Maybe the reason I am so caught up in emotion is that emotion is tied to memory. You know that quote…

“I’ve learned that people will forget what you said, people will forget what you did, but people will never forget how you made them feel.”

-Maya Angelou

It’s true. Maybe I’m obsessed with feeling because it’s the only true way to hold on to something in the long run. Maybe that’s why our real friends are still close to us no matter how much time or distance has kept us apart. Emotions connect us to one another, to the world, to ourselves.

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Leo Gursky, the main character in The History of Love by Nicole Krauss, is always searching…

“You, especially you, who might have found the words for everything.” (p. 6)

“When I got up again, I’d shed the only part of me that had ever thought I’d find the words for even the smallest bit of life.” (p.8)

“It didn’t matter if I found the words, and more than that I knew it would be impossible to find the right ones. And because I accpeted that what I’d once believed was possible was in fact impossible, and because I knew I would never show a word of it to anyone, I wrote a sentence:

Once upon a time there was a boy.” (p. 9)

“When will you learn that there isn’t a word for everything? (p. 11)

“Words often failed me. (p.17)

“Hard-earned wasn’t the word for them but something else, more bittersweet” (p.22)

Words For Everything title of Leo’s book (p. 33)

“…follow the pages of crossed-out words (p. 44)

“By the time he’d settled on an answer the person had gone on his way, leaving him standing alone.” (p. 70)

“So many words get lost. They leave the mouth and lose their courage, wandering aimlessly until they are swept into the gutter like dead leaves” (p. 111)

“This time it had been necessary to rise to the material, to struggle to find words for a man who had been a master of words, who had devoted his entire existence to resisting the cliché in the hope of introducing to the world a new way of thinking and writing; a new way, even, of feeling.”” (p. 113)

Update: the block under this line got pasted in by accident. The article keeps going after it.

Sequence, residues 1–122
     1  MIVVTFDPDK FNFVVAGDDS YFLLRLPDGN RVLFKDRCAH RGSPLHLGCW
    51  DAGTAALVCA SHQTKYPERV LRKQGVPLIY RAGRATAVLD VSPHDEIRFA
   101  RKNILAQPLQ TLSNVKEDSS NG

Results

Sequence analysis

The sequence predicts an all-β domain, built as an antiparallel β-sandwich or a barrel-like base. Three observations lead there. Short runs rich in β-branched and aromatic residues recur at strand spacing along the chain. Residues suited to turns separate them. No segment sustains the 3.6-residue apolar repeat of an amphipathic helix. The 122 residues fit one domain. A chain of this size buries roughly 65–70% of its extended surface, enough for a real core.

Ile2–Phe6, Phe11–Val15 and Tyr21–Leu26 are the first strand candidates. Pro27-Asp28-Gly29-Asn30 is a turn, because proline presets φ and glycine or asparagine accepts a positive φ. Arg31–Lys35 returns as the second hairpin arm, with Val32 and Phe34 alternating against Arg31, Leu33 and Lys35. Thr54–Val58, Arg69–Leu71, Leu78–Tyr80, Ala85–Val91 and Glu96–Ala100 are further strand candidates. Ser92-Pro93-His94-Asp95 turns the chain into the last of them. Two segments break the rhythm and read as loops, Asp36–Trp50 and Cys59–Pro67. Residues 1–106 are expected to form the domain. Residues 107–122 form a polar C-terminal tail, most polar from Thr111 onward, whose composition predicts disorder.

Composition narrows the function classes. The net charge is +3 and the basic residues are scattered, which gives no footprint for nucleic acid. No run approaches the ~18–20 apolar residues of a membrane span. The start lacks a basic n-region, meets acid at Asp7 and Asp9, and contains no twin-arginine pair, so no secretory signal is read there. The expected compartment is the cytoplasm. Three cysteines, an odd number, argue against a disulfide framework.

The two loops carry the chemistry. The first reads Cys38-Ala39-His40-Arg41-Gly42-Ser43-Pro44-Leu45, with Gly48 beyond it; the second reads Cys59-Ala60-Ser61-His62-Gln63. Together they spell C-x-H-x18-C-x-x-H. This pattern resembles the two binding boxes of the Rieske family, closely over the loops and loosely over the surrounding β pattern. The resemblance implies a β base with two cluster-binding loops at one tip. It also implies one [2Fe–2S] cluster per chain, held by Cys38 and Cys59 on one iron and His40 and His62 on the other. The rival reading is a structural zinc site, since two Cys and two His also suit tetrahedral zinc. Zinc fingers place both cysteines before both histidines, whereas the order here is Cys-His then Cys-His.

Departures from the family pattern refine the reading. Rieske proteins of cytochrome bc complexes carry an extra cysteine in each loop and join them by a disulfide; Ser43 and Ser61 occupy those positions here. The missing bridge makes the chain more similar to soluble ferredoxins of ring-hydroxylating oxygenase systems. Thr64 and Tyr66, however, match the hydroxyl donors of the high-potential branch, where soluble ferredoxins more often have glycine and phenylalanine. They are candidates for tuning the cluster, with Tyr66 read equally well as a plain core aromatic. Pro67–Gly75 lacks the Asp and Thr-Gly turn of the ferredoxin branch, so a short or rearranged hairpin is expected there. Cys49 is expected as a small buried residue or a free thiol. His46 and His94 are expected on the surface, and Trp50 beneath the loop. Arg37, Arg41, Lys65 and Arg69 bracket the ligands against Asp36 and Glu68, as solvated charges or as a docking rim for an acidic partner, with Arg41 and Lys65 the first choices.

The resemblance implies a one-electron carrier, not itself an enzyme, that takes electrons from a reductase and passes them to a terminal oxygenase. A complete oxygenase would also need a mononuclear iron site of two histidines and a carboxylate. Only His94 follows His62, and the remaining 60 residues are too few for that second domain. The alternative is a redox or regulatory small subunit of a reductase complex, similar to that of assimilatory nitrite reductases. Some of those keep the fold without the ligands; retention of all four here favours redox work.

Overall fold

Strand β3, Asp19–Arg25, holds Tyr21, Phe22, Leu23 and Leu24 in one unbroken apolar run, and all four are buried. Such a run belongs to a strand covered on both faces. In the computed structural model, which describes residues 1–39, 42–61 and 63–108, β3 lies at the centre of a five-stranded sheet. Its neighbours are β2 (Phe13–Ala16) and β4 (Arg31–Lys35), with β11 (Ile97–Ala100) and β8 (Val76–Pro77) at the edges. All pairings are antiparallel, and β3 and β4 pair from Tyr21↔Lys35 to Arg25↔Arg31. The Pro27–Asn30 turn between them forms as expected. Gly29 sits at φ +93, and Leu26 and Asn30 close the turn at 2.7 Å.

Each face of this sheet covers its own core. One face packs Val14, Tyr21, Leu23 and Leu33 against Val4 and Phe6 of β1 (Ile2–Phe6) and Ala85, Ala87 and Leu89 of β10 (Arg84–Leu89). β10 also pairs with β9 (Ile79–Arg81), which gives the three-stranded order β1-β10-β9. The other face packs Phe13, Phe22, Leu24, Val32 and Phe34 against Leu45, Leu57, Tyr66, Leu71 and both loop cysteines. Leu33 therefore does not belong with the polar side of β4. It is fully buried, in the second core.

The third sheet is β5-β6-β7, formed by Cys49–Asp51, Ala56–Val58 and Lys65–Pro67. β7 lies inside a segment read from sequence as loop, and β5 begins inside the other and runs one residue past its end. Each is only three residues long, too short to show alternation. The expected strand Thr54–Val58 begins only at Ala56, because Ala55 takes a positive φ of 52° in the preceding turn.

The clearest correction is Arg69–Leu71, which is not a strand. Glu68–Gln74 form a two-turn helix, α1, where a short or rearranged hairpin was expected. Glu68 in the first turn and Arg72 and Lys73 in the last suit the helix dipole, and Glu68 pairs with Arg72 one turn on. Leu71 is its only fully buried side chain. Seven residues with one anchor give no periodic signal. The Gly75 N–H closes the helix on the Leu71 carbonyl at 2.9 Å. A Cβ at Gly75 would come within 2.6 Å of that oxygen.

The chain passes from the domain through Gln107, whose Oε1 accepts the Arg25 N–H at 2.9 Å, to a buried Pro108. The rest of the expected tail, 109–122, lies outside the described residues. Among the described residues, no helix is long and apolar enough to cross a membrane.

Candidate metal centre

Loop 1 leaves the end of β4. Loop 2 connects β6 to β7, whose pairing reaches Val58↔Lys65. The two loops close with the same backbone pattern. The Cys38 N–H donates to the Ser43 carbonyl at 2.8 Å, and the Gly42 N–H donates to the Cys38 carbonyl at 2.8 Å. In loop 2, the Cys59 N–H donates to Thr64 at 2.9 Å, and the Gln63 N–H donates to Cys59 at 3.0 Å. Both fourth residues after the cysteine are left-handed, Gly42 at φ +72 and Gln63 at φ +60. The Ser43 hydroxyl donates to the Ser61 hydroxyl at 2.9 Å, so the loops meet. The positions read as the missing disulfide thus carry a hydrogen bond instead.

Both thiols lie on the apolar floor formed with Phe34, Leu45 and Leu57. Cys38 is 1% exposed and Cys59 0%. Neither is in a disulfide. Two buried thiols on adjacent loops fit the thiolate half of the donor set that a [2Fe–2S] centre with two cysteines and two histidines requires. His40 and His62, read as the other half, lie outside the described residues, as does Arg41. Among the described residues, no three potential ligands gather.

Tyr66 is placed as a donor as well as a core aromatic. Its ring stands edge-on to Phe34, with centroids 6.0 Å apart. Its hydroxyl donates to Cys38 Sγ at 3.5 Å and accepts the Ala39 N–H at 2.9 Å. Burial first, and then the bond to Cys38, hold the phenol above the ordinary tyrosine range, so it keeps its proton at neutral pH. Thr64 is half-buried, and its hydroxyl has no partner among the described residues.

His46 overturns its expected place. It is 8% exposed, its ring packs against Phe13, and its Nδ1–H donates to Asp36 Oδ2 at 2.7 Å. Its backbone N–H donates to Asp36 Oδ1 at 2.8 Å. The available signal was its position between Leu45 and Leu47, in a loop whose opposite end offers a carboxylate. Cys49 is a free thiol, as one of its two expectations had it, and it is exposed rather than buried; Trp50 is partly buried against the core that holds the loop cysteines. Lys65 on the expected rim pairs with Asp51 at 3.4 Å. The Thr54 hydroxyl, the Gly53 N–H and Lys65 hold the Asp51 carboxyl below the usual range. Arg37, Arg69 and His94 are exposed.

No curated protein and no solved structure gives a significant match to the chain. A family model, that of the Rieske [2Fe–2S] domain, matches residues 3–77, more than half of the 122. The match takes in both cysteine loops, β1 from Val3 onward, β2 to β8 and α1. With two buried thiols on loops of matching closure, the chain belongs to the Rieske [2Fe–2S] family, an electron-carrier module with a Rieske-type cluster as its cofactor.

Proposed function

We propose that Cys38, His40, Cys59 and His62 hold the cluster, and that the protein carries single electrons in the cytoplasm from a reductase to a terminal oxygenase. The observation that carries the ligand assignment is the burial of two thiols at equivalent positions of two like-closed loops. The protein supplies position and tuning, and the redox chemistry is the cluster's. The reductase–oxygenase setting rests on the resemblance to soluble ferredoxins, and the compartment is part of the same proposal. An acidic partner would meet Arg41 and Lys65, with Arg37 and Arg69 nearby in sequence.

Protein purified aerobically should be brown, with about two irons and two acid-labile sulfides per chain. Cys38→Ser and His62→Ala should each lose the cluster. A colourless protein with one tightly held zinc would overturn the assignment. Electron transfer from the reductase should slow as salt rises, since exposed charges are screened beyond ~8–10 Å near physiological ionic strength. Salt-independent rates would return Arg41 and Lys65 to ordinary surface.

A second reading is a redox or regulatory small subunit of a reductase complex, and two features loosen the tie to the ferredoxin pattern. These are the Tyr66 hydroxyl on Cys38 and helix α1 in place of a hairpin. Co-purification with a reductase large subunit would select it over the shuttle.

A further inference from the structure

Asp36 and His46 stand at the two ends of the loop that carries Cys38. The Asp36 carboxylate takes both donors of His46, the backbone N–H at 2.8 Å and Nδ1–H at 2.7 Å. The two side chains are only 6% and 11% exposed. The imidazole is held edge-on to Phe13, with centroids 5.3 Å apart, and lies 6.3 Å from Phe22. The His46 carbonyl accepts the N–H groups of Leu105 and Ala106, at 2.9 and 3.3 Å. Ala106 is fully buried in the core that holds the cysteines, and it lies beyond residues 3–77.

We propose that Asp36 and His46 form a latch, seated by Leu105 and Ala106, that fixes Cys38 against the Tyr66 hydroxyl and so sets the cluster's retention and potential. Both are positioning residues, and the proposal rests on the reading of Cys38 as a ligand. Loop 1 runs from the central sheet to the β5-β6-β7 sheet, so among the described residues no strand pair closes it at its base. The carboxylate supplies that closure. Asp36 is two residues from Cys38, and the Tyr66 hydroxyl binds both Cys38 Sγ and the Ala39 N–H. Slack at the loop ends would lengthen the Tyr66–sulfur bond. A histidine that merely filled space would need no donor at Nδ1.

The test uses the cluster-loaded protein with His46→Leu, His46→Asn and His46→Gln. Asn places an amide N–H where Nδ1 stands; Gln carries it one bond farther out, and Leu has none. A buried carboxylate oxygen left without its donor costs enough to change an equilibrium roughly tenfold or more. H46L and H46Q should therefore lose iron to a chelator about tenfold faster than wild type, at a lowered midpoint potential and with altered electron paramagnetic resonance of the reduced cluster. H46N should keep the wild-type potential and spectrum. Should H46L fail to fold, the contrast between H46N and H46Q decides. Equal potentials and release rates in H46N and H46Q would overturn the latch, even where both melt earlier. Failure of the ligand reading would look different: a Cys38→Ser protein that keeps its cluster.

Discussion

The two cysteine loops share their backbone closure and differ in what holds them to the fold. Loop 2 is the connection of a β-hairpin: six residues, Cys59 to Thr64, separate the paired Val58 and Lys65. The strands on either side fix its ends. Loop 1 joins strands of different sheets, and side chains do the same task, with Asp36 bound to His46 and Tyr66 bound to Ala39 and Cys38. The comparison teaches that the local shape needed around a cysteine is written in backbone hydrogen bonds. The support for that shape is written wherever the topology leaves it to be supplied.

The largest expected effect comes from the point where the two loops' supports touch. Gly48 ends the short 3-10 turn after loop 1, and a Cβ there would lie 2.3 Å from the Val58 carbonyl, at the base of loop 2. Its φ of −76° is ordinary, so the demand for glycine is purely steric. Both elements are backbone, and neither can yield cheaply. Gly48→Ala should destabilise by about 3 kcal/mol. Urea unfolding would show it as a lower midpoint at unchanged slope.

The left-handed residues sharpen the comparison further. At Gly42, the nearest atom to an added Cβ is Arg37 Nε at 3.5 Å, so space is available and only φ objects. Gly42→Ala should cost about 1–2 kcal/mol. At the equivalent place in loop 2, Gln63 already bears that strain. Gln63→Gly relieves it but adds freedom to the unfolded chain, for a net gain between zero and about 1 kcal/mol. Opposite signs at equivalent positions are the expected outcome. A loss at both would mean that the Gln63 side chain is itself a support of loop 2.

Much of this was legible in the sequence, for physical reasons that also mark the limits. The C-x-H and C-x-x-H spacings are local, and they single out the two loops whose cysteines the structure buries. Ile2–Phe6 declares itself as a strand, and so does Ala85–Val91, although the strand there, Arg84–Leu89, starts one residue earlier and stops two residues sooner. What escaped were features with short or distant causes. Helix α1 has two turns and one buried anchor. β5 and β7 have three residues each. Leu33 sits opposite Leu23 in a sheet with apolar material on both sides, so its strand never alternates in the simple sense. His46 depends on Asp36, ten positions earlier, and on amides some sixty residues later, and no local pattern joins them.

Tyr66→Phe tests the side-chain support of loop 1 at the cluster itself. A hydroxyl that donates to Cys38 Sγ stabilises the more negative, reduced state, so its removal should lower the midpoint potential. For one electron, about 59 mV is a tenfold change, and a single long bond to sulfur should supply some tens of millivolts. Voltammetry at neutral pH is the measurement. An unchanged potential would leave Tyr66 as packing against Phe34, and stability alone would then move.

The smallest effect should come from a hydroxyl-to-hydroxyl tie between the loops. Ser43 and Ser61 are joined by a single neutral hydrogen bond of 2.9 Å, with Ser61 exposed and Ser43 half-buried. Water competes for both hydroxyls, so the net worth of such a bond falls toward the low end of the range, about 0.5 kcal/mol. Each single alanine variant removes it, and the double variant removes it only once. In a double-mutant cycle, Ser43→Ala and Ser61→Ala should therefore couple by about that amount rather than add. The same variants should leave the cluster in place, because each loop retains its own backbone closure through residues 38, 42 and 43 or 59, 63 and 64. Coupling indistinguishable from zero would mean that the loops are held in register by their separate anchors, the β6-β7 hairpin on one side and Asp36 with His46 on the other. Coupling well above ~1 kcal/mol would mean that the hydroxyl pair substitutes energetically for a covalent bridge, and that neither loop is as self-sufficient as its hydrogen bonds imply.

“Where he saw a page of words, his friend saw the field of hesitations, black wholes, and possibilities between the words.” (p.116)

“…mouthing the words as if they were not an announcement of death, but a prayer for life” (p.117)

“A bitter joke came to mind. Words failed me. And yet…” (p.119)

Because of that wife who got tired of waiting for her soldier, I lived. All he had to do was poke the hay to discover that there was nothing beneath it; if he hadn’t had so much on his mind I’d have been found. Sometimes I wonder what happened to her. I like to imagine the first time she leaned in to kiss that stranger, how she must have felt herself falling for him, or perhaps simply away from her loneliness, and it’s like some tiny nothing that sets off a natural disaster halfway across the world, only this was the opposite of disaster, how by accident she saved me with that thoughtless act of grace, and she never knew, and how that, too, is part of the history of love.

— The History of Love by Nicole Krauss

When I got older I decided I wanted to be a real writer. I tried to write about real things. I wanted to describe the world, because to live in an undescribed world was too lonely.